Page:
More logistics companies diversifying business model / Boom in trucks, but lack of drivers / Container freight rates still inconsistent
On the water, on land, and, in the future, also in the air: French shipping and logistics company CMA CGM, which is worth billions of euros, is driving the diversification of its business model further. With bubbling profits from sea freight, the company wants to become a major shareholder of the airline company Air France-KLM and acquire a share package of 9%. Other shipping companies and logistics experts have demonstrated how this can be done – and that this way of expanding the value chain can reap dividends. The world’s largest container freight line, Maersk, for example, recently founded its own aviation division, and haulage company Kühne + Nagel also recently acquired 10% of Lufthansa.

European truck production is more or less sold out for 2022. Despite the fear that the economy will remain weak, the demand for trucks continues unabated. The main factors driving this boom are the considerable pent-up demand (many fleets are now over-aged) and an order backlog that is almost impossible to work off, and which came about through supply bottlenecks at the producers. Industry insiders expect the trend towards road transport of goods to continue in the upcoming years, and even intensify. They anticipate growth rates of 3-4% a year. On top of all that, there is a serious lack of drivers to drive the many new trucks.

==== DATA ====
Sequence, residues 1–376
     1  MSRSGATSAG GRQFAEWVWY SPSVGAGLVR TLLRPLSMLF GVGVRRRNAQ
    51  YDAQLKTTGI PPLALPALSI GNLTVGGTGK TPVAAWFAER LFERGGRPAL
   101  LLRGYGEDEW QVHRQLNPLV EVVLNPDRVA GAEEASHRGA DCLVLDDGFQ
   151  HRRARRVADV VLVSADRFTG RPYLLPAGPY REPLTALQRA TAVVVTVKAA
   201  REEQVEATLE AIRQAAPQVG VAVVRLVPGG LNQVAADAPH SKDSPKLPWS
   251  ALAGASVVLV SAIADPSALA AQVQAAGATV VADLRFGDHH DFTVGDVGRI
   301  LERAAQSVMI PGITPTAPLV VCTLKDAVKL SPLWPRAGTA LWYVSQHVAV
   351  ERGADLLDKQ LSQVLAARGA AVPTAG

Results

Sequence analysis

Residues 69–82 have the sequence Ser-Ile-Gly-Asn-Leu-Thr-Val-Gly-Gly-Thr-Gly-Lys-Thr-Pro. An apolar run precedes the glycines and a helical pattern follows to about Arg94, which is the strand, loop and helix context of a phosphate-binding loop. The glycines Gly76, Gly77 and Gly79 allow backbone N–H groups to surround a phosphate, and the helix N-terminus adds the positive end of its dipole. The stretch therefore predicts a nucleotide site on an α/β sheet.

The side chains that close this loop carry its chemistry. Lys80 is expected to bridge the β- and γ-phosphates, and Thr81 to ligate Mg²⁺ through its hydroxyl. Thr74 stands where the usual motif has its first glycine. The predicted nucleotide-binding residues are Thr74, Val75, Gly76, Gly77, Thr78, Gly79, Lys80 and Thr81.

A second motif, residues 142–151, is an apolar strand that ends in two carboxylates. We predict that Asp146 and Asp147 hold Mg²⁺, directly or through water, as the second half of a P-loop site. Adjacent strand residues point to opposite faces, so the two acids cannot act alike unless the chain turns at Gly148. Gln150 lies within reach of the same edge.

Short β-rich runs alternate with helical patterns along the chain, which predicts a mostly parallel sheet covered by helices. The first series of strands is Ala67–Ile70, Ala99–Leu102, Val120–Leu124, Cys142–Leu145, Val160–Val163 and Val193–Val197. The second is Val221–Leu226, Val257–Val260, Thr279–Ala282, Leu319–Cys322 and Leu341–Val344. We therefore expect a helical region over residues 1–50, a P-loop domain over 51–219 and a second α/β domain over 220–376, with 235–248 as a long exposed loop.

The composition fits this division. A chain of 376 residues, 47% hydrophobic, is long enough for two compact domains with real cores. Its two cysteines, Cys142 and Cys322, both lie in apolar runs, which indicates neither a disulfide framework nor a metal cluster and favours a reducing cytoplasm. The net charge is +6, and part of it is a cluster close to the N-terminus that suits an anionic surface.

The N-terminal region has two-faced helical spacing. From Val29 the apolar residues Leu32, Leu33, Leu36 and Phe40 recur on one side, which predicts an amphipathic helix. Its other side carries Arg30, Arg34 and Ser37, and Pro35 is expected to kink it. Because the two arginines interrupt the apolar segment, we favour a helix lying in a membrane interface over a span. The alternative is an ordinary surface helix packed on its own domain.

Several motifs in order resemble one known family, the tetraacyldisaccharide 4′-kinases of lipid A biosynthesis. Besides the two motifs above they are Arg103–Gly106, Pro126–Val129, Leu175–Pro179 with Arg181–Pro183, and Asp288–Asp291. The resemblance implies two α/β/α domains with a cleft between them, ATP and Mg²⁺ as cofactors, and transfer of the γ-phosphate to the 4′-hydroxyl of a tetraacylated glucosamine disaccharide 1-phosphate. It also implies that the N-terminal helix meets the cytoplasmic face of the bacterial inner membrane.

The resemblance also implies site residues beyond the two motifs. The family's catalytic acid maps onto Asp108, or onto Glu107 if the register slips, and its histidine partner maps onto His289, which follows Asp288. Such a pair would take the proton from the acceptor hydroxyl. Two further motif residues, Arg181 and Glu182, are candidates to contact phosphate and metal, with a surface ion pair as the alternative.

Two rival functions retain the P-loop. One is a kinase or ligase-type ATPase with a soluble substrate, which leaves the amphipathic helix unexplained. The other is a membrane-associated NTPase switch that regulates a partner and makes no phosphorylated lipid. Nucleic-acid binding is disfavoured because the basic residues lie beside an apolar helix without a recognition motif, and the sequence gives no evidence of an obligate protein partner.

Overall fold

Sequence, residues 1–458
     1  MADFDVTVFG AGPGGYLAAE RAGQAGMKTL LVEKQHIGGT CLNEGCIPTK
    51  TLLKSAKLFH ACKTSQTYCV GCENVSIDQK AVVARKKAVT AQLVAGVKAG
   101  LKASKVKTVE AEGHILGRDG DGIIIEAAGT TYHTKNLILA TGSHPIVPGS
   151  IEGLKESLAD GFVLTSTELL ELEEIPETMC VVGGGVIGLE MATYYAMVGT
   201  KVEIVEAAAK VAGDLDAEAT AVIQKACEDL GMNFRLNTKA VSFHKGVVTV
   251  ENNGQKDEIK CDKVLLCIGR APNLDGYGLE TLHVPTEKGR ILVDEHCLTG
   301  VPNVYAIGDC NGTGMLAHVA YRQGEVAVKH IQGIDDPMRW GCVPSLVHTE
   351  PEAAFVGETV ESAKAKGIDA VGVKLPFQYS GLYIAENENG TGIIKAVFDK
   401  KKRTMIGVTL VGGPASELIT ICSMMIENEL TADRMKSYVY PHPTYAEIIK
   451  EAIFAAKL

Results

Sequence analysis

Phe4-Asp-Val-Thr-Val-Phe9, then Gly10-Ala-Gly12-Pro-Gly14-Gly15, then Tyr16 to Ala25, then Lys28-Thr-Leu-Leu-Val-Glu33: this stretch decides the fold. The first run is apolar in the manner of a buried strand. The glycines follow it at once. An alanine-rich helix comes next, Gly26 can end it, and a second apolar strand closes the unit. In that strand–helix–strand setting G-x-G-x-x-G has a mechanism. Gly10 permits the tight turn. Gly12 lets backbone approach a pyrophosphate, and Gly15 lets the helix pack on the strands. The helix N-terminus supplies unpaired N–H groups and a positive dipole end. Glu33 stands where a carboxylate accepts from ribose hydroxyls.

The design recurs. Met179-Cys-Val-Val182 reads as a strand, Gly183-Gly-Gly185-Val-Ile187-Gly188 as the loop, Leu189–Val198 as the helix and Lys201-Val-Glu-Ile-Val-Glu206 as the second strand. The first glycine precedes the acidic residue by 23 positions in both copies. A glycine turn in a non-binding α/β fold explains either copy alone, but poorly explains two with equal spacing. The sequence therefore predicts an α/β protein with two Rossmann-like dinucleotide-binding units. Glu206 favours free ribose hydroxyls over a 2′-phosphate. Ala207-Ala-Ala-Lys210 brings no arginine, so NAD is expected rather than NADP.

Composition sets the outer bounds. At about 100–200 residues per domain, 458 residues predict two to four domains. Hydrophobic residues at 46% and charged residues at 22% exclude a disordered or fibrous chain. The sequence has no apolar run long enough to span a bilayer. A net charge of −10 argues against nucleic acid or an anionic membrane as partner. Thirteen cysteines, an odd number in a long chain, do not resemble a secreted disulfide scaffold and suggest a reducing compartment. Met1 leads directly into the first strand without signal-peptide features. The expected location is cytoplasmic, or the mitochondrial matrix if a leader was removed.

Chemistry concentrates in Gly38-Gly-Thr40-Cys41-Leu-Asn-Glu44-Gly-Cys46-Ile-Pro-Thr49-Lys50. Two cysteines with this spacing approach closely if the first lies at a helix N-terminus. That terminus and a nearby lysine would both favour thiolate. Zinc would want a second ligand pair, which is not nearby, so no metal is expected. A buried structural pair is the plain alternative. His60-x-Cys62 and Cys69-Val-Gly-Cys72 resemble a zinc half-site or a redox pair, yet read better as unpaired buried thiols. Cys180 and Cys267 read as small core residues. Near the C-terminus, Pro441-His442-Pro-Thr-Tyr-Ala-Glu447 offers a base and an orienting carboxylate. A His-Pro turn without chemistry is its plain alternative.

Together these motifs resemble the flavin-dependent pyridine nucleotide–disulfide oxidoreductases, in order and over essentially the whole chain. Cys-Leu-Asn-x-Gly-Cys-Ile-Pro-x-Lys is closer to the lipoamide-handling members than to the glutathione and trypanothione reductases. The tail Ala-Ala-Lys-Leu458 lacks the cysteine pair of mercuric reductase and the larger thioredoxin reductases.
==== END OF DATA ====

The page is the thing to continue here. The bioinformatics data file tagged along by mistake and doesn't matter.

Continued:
Last week, Plasteurope.com reported on a new, combined rail-river-rail route that Maersk had set up from China to Europe that goes via Kazakhstan, Azerbaijan and Georgia to Romania (see Plasteurope.com of 19.05.2022). There were many inquiries from Plasteurope.com readers on this subject, asking about the exact route and the required travel times. Unfortunately, Maersk has not yet answered the detailed inquiry from PIE. But according to the company’s website, the transportation of a container along this route will take around 40 days.

Japanese logistics company, Nippon Express, is now offering a similar transport route. From many Chinese cities, containers are taken by rail to Aktau in Kazakhstan, from where they are shipped across the Caspian Sea to Baku and, from there, once again carried by rail to Istanbul in Turkey. Here, the containers are loaded onto EU railways or trucks and sent to the west. Nippon Express puts the time taken to do this route at 50-55 days.

Let us move on to the freight rates. In the week from 23 to 29 May, the cost of transporting a 40-foot container (FEU) from China to the US West Coast was USD 14,000 (EUR 13,335), which was 3.7% more than in the previous week. From China to the US East Coast, the rate remained unchanged at USD 16,400. There was also a small increase of 1.9% for the route from China to Northern Europe, standing at USD 11,000. In the opposite direction, the price for an FEU also rose, by 3.9% to USD 800. In turn, from China to Southern Europe and back, the costs remained where they were: westwards, the price was USD 13,000 and eastwards, a container cost USD 1,600. The freight rates from the US East Coast to Northern Europe also remained unchanged at USD 700, while the trip back was USD 8,500.
26.05.2022 Plasteurope.com [250362-0]
Published on 26.05.2022
Logistik: Immer mehr Unternehmen diversifizieren ihr GeschäftsmodellGerman version of this article...

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